7 thoughts on “Mintz and Mendelssohn: A Touch of Heaven

  1. Ingrid Schlueter says:

    Mendelssohn was master of the melodic line. His melodies stay with you so beautifully. The other day I found myself humming something, and I couldn’t place it for a while. I thought and thought and then realized, I was humming “Cast Thy Burdens on the Lord, for He Shall Sustain You”, which is an aria from Mendelssohn’s Elijah. If you don’t have that, download songs at the link below, as it is truly the finest recording of it, in my view. I have heard it live several times and numerous other recordings, and soloist Thomas Hampson as Elijah cannot be surpassed. The Scriptures come alive with this music, and it drives the words into your head. Some of my favorite arias and choruses of “Elijah.”

    “Help, Lord!” (the opening chorus)
    “Lift thine eyes. O Lift Thine Eyes”
    Elijah’s prayer on Mt. Carmel
    “Is Not Thy Word Like a Fire?”
    “Take all the prophets of Ba’al…”
    “Thanks Be To God Who Reviveth the Thirsty Land”
    “Be Not Afraid Says God the Lord”
    “Then Shall the Righteous Shine Forth as the Sun”
    “O Come Everyone Who Thirsteth”
    “O Rest in the Lord.

    You can download individual songs from that CD here.


    The 2 CD set is worth having also. You can get used ones very inexpensively on Amazon. That’s the Atlanta Symphony and Chorus version of Mendelssohn’s Elijah. Here ends my commercial.
    Used ones here:

  2. carolynb says:

    Don’t know how you manage to do it Ingrid, but you always seem to find the beautiful things in this sin sick world, and collect them here at Hope for us to enjoy.

    I do thank God for you – from here and CrossTalk, He used you to change my view of music, especially when it comes to worship. I have more of an appreciation for hymns and real beauty in the music that is offered to the Lord. We’ve become a casual generation, in many ways, music being one. Dress being another – slightly off topic, but I echo the sentiments on another of your posts, women used to dress so much more elegantly than we do now. Self included, I still have a hard time wearing dresses. 🙂 But thanks for bringing truly lovely music here to Hope, whether worship music or not, it’s a gift God has given us, and even though marred by our sin, we still retain so much of the beauty that is our Creator. May many more souls be drawn to Him, blessed be His name.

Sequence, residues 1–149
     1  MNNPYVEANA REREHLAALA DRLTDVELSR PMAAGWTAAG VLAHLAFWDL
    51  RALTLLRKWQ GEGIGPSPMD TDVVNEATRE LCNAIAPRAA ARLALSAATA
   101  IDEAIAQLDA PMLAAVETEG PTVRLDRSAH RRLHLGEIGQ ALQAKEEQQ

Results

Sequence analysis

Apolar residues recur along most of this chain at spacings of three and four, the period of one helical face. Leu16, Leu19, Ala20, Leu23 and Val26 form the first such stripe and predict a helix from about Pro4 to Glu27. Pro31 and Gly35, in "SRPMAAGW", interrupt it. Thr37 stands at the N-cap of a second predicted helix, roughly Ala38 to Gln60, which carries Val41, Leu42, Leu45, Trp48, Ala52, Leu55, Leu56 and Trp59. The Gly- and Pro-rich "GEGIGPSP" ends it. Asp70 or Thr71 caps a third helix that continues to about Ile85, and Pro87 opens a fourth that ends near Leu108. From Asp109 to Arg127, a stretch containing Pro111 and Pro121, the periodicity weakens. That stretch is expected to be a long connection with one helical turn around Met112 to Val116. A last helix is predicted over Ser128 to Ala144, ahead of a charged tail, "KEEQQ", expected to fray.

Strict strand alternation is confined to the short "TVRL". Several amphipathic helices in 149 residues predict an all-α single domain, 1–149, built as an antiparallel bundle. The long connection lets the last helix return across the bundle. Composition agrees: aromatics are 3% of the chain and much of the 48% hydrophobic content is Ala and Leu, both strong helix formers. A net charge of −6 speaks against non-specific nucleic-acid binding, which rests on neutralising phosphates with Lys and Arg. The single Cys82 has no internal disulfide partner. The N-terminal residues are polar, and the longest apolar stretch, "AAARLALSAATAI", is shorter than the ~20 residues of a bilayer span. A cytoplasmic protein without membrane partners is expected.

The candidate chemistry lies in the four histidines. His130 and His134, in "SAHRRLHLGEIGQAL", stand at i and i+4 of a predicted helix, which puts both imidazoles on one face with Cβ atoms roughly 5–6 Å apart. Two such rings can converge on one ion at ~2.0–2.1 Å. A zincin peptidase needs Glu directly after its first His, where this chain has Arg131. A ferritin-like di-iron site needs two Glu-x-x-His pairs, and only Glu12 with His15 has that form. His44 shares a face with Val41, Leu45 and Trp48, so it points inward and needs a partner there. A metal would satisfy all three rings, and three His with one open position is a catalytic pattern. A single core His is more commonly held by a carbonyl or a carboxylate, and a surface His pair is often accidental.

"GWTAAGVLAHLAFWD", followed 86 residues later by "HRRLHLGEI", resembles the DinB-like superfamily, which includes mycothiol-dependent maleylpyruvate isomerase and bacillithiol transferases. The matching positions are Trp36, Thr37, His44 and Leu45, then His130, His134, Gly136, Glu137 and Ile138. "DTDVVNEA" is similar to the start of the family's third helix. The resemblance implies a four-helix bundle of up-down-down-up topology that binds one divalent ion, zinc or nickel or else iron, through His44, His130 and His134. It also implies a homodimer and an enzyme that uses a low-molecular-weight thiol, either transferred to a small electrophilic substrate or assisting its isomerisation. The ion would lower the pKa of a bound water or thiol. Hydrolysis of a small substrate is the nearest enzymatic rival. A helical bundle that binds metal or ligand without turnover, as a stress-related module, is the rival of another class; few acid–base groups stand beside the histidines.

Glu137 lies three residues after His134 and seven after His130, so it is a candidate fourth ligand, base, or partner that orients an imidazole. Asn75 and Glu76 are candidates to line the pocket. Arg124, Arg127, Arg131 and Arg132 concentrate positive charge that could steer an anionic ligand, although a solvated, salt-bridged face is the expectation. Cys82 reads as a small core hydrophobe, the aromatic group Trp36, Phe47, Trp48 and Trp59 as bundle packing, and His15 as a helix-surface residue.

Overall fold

3. Janet G says:

    When I was in college, we sang parts of Mendelssohn’s Elijah, the beauty of it stays with you forever. I remember how thrilled I was when I discovered the CD set, I just had to get it! Anything Robert Shaw put his hand to was wonderful anyways, if you don’t have his Christmas music, you are really missing out! Thanks for this post, Ingrid, it was beautiful!

  4. Paula Coyle says:

    It really is amazing how deceptively difficult this 2nd movement is. The first movement is really not that hard (I played it, and the only passage that I couldnt’ do passably were the octave double stops. Perfect fourths are just a bear for me). The 2nd is just a bit harder IMO in spite of the liesurely pace, just getting the intonation correct on all those double stop tremolos. and the third is even more difficult. I never did #2 or 3 unfortunately.

    Have you heard the Tchaikovsky violin concerto in D or the Wieniawski No 2 in Dm or No 1 in F#m? Fabulous. I prefer Itzhak Perlman to anyone else except maybe what I’ve heard of Mintz., even if he isn’t quite as technical as someone like Heifetz, it seems like his playing is warmer to me.

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